Take the 2-minute tour ×
Geographic Information Systems Stack Exchange is a question and answer site for cartographers, geographers and GIS professionals. It's 100% free, no registration required.

In R, trying to export choropleth maps with density and frequency histograms as legends; have had success exporting as an image but not as a pdf.

Exporting as an image (.png) works well; the map, including the placement of the histogram within the frame, looks the same in the exported image as it does within the Plot window in R. However, when exporting to a PDF, the histogram changes size and placement and often overlaps with the map (which renders the histogram unreadable). Any ideas as to why the two exported maps look different? And how to export to a PDF so that the exported map looks like the map in R?

Thanks!

share|improve this question

2 Answers 2

up vote 1 down vote accepted

You can use a single command to export the current plot to a single (not multi-page) pdf:

dev.copy2pdf(file="MY.pdf", width = 7, height = 5)

The dimensions are in inches; experiment with different sizes. This won't necessarily give you exactly what appears on screen - in particular, smaller export sizes will give strange layouts of legends and other components.

Note there is no need for dev.off()

share|improve this answer
    
Is there a problem with dev.off()? Why would you call a graphic device if you want a pdf? For complex plot (e.g., spatial objects) you would have to wait until the plot renders before sending it to a file using dev.copy. This seems like unnecessary overhead. Whereas pdf sends the plot directly to the file. Using pdf does necessitate a multiple-page pdf but rather facilitates it. –  Jeffrey Evans Feb 9 at 1:02
    
I personally find this method more convenient - nothing personal against dev.off()! When producing single diagrams for inserting into a report this is a little easier than going back and wrapping everything in pdf/dev. –  Simbamangu Feb 9 at 6:52
    
This method worked accurately and quickly for me, as I exported a single-page pdf and it wasn't a small export size. Thanks for the suggestion. –  user26607 Feb 10 at 20:59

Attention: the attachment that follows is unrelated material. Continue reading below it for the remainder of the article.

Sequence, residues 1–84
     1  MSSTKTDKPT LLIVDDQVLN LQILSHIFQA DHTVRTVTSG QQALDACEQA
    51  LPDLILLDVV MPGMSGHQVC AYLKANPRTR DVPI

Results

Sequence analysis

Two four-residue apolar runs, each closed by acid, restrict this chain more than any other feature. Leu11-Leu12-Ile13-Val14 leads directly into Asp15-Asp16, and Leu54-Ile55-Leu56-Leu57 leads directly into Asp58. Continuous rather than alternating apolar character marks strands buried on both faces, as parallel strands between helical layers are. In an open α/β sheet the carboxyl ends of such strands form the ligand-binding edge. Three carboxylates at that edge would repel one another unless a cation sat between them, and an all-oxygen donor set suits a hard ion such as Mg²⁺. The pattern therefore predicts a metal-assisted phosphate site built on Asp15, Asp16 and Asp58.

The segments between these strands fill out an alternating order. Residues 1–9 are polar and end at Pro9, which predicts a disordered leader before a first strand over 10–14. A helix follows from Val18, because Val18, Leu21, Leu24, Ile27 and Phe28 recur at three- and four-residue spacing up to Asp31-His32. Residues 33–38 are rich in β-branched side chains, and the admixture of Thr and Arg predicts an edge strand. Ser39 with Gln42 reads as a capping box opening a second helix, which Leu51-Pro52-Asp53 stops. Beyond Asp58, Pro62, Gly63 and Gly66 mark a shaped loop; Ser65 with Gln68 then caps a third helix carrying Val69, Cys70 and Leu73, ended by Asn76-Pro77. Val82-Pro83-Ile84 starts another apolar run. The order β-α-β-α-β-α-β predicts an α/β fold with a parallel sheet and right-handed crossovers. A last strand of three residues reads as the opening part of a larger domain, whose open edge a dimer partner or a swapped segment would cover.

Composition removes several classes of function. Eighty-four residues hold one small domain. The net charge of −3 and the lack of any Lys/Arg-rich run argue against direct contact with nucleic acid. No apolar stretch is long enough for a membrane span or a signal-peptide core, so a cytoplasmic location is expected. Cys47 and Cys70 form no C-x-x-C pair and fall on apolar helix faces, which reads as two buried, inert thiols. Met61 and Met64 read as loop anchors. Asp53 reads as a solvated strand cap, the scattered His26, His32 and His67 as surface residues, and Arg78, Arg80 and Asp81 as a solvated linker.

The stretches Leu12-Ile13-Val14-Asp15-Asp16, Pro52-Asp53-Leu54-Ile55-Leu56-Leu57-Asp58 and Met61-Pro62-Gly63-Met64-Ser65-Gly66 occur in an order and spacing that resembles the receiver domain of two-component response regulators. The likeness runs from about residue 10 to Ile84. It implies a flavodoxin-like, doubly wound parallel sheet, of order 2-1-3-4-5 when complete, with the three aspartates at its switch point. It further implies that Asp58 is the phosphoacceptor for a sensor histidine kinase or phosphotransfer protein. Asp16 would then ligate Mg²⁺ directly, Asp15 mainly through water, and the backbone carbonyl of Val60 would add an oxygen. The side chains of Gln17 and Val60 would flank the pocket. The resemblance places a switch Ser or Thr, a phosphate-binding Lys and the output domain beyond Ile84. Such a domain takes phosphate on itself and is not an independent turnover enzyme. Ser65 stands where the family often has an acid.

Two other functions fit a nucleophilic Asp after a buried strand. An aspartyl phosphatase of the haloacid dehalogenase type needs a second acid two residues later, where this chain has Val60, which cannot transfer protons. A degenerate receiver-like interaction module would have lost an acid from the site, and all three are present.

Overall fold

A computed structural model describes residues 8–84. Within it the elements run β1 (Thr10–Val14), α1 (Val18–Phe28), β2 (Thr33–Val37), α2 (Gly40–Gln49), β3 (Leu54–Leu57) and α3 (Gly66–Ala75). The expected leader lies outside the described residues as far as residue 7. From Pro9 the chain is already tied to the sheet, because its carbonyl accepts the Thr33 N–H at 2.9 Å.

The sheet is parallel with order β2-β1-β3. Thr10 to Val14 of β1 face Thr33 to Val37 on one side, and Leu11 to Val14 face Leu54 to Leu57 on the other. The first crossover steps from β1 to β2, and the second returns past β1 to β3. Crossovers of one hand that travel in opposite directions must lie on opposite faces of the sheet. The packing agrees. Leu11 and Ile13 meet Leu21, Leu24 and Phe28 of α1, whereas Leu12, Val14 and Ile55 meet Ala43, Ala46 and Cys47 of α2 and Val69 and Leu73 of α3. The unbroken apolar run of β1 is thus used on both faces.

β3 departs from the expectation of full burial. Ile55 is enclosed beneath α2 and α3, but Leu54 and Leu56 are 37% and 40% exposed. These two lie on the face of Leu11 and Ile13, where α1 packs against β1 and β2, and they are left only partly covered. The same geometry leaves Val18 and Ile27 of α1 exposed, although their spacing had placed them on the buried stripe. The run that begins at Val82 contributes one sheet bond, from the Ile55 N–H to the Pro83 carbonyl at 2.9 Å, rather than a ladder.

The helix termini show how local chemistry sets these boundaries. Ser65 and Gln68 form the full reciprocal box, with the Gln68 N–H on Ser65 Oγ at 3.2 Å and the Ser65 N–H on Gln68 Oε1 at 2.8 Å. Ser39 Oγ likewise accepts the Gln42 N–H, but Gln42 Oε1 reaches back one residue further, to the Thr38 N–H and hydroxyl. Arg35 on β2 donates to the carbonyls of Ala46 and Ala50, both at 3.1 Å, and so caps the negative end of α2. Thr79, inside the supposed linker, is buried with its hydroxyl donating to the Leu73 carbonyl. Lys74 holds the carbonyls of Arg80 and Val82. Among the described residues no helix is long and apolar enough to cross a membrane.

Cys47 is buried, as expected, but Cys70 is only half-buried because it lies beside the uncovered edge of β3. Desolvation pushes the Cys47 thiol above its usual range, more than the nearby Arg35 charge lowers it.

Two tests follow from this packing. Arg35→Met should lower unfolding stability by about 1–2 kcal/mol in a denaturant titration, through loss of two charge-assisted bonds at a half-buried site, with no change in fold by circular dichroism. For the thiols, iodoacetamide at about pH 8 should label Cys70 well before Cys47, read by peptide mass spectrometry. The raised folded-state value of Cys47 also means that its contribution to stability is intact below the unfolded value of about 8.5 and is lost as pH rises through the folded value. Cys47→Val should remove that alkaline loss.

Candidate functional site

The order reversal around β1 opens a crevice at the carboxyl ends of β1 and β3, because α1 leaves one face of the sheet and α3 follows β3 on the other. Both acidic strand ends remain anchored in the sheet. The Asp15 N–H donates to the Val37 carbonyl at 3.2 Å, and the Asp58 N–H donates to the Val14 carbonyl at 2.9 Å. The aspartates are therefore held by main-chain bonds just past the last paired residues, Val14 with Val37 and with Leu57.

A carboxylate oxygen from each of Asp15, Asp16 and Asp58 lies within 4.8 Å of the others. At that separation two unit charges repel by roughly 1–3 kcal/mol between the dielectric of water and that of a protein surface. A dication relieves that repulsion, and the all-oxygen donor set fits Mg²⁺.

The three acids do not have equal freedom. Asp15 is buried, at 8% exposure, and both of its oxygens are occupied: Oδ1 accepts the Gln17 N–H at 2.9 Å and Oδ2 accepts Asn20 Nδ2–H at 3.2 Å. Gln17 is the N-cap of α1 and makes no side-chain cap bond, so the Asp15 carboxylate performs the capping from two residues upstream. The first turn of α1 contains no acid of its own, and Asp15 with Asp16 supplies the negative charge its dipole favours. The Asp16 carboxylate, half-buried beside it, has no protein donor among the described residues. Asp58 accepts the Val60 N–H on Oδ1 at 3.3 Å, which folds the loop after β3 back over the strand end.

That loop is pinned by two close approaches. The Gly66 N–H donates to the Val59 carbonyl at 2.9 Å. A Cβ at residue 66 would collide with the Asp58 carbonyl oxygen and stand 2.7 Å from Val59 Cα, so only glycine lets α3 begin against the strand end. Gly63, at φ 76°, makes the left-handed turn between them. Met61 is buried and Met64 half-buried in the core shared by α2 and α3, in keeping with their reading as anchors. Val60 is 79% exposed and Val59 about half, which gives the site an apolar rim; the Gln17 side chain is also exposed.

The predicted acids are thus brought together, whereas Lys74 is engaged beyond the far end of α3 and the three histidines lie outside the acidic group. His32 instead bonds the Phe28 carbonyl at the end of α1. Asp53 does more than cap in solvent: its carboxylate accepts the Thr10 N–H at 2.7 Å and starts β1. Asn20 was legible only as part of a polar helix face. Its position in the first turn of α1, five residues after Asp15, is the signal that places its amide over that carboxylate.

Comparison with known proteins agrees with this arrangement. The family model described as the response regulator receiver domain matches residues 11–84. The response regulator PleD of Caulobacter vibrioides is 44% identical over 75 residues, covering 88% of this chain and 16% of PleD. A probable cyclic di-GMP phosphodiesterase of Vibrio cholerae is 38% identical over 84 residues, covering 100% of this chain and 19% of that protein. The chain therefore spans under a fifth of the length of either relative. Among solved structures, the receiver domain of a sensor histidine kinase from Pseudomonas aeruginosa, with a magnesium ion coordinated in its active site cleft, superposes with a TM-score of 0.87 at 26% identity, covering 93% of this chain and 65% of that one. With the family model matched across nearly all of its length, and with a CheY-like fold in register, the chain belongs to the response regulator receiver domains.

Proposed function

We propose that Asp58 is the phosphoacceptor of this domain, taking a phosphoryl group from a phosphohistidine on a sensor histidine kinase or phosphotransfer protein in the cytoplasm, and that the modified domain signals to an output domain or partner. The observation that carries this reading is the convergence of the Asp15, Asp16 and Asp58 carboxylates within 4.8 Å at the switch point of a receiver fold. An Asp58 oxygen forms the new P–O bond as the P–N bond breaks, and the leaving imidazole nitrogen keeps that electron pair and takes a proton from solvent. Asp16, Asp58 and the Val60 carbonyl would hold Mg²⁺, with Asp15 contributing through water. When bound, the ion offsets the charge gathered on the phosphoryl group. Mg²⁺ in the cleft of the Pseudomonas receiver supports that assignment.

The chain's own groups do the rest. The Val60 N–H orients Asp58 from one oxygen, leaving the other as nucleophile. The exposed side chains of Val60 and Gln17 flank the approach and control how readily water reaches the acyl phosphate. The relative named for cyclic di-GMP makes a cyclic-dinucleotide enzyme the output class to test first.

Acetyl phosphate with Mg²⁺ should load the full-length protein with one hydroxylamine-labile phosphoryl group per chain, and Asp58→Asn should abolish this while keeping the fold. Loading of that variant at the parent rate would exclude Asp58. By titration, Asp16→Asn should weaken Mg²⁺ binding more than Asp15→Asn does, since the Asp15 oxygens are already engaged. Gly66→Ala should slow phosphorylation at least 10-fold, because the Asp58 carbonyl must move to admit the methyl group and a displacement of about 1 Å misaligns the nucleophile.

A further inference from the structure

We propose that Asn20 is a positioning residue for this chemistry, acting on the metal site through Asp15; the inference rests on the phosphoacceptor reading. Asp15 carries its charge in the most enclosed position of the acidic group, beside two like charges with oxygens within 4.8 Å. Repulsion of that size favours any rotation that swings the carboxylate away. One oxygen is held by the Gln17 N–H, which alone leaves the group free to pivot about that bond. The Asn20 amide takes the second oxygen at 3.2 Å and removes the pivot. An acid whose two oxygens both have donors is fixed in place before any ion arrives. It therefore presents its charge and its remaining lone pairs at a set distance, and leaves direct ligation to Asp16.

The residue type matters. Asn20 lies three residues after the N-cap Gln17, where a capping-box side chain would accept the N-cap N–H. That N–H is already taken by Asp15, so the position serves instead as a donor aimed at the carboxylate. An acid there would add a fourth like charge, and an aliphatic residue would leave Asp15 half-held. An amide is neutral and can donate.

1  
What I am hung up on is unnecessarily calling a device. If you have a large amount of data it takes time to render in the window plot device. You then send it to a pdf. You are rendering the plot twice! If you use "pdf" you are sending the plot to the pdf and not rendering to a window device. Some polygon plots take minutes to render in the window whereas it only takes a few seconds to send to the pdf. –  Jeffrey Evans Feb 11 at 21:17
1  
Understood - I guess I rarely work with very large, complex plots, so this hasn't been an issue for me. dev.copy2pdf() is a convenience function, certainly, and it does make ad-hoc creation and export of diagrams easy - but definitely not best practice. –  Simbamangu Feb 12 at 13:00

Use the pdf as a device driectly and skip the plot window device. In this way you can also write multiple page pdf's by passing multiple plots to the device. The device is turned off (closed) with dev.off().

# Will write a 10"x10" pdf to disk
pdf("MyPlot.pdf", height=10, width=10)
  plot(runif(100), runif(100))
dev.off()
share|improve this answer
    
When I ran this function, the exported pdf contained what looked like a scatterplot, rather than the choropleth map and histogram. Any idea why this would happen? I've tried several times with no success. –  user26607 Feb 15 at 3:03
    
Are you using the exact code provided above? This was meant to be an example. You would provide your own plot function and not the scatterplot example I provided. Remember, you are sending your plot to a device. –  Jeffrey Evans Feb 18 at 2:33
    
Ah, got it; thanks. –  user26607 Feb 27 at 21:00

Your Answer

 
discard

By posting your answer, you agree to the privacy policy and terms of service.

Not the answer you're looking for? Browse other questions tagged or ask your own question.